Chalabi still has strong supporters in Washington, and the Pentagon continued to pay for intelligence provided by his organization until recently.
It's unclear why Chalabi's home was raided Thursday. A senior coalition official said an Iraqi judge had issued several warrants, and details would be released later. Coalition Provisional Authority spokesman Dan Senor said Chalabi and his group were not the targets.
Haidar Musawi, an aide of Chalabi's, said three security guards were arrested, but they weren't linked to any allegations. Chalabi said his chief security official, Aras Habib, was named in one arrest warrant but was not detained.
Danielle Pletka, a vice president at the conservative American Enterprise Institute, said she believes the raid was likely "political manipulation in order to disable somebody who has been a thorn in the side of the CPA."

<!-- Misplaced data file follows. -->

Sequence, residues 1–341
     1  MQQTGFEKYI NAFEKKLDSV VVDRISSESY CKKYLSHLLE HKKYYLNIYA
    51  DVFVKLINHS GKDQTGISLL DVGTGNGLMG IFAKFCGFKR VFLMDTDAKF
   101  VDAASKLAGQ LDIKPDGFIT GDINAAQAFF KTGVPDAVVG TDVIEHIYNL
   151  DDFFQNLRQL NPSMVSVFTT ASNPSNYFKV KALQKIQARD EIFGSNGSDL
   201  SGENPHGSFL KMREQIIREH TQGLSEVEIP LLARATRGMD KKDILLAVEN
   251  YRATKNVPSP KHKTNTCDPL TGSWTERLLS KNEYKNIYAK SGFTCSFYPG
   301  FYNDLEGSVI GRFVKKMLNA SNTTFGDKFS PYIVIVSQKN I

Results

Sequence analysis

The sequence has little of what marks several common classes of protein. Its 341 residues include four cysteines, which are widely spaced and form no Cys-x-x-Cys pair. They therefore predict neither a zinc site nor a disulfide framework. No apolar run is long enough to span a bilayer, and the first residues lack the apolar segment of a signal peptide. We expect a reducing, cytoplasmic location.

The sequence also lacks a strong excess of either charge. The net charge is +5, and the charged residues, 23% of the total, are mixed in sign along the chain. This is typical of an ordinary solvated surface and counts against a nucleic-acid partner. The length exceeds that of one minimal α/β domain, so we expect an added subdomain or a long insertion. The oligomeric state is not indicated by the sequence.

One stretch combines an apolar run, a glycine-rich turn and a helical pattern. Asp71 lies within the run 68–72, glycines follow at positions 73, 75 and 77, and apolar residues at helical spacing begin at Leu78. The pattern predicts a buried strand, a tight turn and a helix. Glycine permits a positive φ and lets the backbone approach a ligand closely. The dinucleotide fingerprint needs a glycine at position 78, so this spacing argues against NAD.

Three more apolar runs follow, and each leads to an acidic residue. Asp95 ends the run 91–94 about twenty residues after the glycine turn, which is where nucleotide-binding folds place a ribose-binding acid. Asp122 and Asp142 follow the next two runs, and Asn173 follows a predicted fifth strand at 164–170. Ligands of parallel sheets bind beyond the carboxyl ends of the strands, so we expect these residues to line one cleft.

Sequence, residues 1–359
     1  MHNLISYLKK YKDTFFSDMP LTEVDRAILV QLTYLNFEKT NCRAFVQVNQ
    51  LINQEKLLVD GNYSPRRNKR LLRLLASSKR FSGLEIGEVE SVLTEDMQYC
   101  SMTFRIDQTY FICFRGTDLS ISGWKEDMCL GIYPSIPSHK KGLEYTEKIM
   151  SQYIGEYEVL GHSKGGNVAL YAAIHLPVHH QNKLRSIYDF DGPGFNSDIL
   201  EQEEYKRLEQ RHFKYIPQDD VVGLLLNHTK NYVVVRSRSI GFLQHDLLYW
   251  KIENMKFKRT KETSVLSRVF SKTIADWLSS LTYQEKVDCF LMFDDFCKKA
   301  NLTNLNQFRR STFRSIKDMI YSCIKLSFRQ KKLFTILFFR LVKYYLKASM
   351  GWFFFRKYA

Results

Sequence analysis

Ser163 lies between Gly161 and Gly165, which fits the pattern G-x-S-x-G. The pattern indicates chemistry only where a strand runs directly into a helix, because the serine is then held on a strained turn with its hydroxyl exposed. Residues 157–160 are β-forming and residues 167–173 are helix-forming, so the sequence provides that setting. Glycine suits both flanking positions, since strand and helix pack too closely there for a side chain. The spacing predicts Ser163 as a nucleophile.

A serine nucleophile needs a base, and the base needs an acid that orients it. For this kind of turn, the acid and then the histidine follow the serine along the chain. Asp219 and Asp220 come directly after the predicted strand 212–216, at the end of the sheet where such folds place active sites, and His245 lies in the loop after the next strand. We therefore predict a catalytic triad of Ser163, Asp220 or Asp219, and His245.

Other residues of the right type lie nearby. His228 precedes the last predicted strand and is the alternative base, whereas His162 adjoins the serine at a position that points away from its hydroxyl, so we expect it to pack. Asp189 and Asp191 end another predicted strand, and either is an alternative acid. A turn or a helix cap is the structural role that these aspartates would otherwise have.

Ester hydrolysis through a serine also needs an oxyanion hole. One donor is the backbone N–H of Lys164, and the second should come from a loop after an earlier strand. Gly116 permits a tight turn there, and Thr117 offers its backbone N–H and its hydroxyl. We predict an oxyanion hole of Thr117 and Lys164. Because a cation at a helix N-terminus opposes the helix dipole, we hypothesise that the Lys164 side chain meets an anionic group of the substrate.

"We need the United Nations right now, and Chalabi is the prime mover behind the investigation in the oil-for-food program," Pletka said.
The CIA — long suspicious of information provided by Chalabi's group — has not been paying it for intelligence.
Last weekend, Secretary of State Colin Powell said for the first time on NBC's "Meet the Press" that the United States was intentionally misled about information on Iraq's much-debated mobile labs. Not said during the show was that the information came from a defector connected to the Iraqi National Congress.
"It turned out that the sourcing was inaccurate and wrong, and in some cases deliberately misleading," Powell said, "and for that I am disappointed, and I regret it."
For officials like Sen. Joe Biden, D-Del., the distancing from Chalabi has been "a long time coming."
"I could never quite understand the incredible preoccupation of the administration with Mr. Chalabi. I think that reliance has done us great damage in terms of establishing legitimacy," Biden said.
Deputy Defense Secretary Paul Wolfowitz confirmed earlier this week that the $340,000-a-month payments from the U.S. government to Chalabi's organization for intelligence recently ended.